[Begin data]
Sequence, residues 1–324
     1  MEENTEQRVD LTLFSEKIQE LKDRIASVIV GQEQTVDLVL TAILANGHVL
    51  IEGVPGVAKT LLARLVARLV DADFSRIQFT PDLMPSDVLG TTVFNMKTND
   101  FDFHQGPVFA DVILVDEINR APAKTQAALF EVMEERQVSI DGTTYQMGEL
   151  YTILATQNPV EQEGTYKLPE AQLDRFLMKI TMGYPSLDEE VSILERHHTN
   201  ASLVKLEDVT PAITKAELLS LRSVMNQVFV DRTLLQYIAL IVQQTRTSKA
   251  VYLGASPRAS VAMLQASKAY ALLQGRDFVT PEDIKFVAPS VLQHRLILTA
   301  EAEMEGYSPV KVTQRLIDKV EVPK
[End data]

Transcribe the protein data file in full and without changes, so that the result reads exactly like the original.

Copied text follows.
Sequence, residues 1–324
     1  MEENTEQRVD LTLFSEKIQE LKDRIASVIV GQEQTVDLVL TAILANGHVL
    51  IEGVPGVAKT LLARLVARLV DADFSRIQFT PDLMPSDVLG TTVFNMKTND
   101  FDFHQGPVFA DVILVDEINR APAKTQAALF EVMEERQVSI DGTTYQMGEL
   151  YTILATQNPV EQEGTYKLPE AQLDRFLMKI TMGYPSLDEE VSILERHHTN
   201  ASLVKLEDVT PAITKAELLS LRSVMNQVFV DRTLLQYIAL IVQQTRTSKA
   251  VYLGASPRAS VAMLQASKAY ALLQGRDFVT PEDIKFVAPS VLQHRLILTA
   301  EAEMEGYSPV KVTQRLIDKV EVPK